The program organizers initiated a research study to evaluate the impact of the program and explore factors that may support and hinder interinstitutional partnerships. The purpose of this paper is to discuss the program and some preliminary results that captures the impact of the program and outline some initial indicators and recommendations that inform the development of similar programs at other institutions.

Structure of the paper In this paper, we discuss the program as a model for facilitating inter-institutional partnership and some preliminary results that capture the impact of the program with the focus on students’ engagement and recruitment. We elaborate on the importance of broadening participation, as one of the major objectives of the program. Then, we present the background and major elements of the initiative. Next, we briefly describe the 2018 program, outline the details of our evaluation strategies and present the results for the year 2018. Finally, we reflect on our experience and provide some initial recommendations that can inform the development of similar programs at other institutions.

Broadening participation One of the motivations of developing interinstitutional partnership is to create access for students to consider pursuing graduate degree programs. PWIs in general offer programs at graduate level that are not available in some of the minority-serving institutions. In addition, diversifying higher education may lead to enhancing learning and professional development. Although there has been attempts to address the issue of underrepresentation of different groups including African Americans, Hispanics, and Native Americans, the overall picture is not promising. Among 3 million students enrolled in the graduate programs in Fall 2018, Black students represented 12%, Hispanic students represented 10%, and American Indian/Alaska Native about 0.2% of the total number of students---White students represented 53% of the total enrollment in Fall 2018 (Hussar et al. 2020). There is no doubt that such difference is connected with historical and cultural foundations of the society, and in particular historical place of institutions, which centers around serving and educating White population. Beyond external drivers of diversifying, there is a need to make deliberate effort to provide supportive and inclusive atmosphere.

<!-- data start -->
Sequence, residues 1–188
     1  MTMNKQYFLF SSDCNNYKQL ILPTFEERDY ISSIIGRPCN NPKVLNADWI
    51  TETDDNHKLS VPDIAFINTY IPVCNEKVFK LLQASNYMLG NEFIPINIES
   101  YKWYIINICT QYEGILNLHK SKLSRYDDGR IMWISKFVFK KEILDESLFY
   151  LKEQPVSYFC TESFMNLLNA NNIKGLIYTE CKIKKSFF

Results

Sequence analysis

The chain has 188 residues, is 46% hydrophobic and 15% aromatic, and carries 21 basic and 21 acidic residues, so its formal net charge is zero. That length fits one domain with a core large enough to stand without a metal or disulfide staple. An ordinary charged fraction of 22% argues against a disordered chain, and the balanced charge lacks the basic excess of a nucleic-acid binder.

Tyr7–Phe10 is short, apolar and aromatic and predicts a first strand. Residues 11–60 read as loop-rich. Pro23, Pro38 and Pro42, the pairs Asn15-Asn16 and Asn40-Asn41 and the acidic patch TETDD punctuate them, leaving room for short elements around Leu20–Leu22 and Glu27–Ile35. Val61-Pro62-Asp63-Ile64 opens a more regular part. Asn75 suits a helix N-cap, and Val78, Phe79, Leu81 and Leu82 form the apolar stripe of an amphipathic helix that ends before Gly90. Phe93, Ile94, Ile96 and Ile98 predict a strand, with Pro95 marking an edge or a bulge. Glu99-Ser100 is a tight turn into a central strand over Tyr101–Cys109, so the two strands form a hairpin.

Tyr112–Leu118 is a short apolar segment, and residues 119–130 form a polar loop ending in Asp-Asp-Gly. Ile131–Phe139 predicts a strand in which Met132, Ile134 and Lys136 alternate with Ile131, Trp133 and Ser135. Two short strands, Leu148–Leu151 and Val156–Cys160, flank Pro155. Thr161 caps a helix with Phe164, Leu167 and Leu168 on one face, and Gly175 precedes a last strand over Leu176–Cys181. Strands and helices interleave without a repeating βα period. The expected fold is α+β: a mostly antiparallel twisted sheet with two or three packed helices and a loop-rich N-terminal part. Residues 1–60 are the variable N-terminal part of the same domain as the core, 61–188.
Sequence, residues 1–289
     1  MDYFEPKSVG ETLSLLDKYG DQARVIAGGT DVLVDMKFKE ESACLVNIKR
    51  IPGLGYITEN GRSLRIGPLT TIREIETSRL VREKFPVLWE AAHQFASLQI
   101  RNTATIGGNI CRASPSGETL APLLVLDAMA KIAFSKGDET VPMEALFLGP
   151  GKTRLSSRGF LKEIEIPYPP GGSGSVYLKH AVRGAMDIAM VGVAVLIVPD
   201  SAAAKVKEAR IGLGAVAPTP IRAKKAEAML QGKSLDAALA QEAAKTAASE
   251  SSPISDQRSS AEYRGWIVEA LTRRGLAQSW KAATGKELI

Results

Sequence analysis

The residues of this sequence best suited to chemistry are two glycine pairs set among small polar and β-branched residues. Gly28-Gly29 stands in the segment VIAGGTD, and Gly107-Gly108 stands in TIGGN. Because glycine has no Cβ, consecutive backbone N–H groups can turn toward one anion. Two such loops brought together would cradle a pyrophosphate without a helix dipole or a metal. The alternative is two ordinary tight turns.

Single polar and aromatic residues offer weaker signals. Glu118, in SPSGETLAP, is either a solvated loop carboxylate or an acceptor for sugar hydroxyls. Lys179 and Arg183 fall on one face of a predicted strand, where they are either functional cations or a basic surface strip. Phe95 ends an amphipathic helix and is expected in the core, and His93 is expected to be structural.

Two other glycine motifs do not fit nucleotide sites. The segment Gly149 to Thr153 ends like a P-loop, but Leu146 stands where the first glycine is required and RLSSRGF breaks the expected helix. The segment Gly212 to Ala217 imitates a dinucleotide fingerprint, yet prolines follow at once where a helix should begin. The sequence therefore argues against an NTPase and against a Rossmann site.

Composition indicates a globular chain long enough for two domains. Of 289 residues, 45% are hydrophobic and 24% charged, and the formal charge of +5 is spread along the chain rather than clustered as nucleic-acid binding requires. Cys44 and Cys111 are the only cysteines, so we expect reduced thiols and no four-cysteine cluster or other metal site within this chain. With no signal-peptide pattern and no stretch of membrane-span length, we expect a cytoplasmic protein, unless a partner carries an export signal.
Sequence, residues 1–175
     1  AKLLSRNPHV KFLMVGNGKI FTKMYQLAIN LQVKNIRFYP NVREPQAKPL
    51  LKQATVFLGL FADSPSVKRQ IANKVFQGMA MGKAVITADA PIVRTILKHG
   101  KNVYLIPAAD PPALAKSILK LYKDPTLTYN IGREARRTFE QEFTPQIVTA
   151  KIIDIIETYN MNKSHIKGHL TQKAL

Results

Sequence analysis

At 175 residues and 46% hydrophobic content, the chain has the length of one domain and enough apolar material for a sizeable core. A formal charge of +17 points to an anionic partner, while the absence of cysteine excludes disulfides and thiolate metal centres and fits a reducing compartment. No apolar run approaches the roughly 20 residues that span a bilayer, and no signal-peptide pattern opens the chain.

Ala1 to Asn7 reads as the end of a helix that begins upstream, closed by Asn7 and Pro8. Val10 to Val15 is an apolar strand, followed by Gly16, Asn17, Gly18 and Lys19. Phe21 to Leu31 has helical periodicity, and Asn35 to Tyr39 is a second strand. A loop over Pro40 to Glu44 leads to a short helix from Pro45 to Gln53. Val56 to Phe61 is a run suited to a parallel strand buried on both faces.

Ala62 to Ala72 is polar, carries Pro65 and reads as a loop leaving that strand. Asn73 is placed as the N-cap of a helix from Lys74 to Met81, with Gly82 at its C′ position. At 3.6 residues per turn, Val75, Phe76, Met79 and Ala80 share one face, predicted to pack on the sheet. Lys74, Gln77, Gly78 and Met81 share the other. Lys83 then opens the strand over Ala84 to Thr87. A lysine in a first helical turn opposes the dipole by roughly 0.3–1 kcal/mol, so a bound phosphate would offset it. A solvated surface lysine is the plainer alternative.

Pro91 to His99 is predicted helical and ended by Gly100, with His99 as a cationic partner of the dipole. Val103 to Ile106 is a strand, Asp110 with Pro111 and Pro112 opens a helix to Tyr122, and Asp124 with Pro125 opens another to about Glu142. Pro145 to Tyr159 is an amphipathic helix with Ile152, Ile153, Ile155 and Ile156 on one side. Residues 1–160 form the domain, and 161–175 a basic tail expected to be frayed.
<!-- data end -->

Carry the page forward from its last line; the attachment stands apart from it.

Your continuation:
There have been some initiatives concerned with broadening participation of underrepresented groups. One such effort is the partnership between Vanderbilt University and Fisk University, the Fisk-Vanderbilt Masters-to-PhD Bridge Program (Stassun et al, 2010). Students accepted in this program have access to additional coursework and/or research experience and instructional opportunities at both institutions. They also interact with faculty and receive deliberate support and mentorship. The program focuses on preparing students for PhD studies. Currently, students can obtain a master’s degree at Fisk University in physics, biology, or chemistry. Overall, the program demonstrates the importance of inclusivity in addition to diversifying higher education. Yet, a more comprehensive program that involves more than 30 institutions of different types is the Leadership Alliance (Ghee et al. 2014). One of the key aspects of this consortium is 8-10 weeks of summer research experience. Students from member MSIs accepted for the experience in a research institution carry out a research project, receive mentorship, and gain research and professional skills. These programs and other similar ones have the potential to build capacity for transformation of higher education and the workforce.

The HBCU/MSI Research Summit The summit involves Virginia Tech Faculty and faculty/students from HBCUs/MSIs. In 2018, the program was centered on “building partnerships to establish, expand, and improve research initiatives, resources accessibility, and inclusion efforts”. At the institutional level, it is important for “buy-in” from other entities beyond the graduate school who manages and organizes this event. To ensure an equal opportunity for all campus partners to be involved, invitations are sent to the Dean of each College and Director of each Research Institute. This yielded a financial commitment from different units. Without the financial and representative support from others, the summit would not have the same impact, size, or experience for its participants. The summit is highlighted in three sections to describe the planning team, invitation process, and the structure.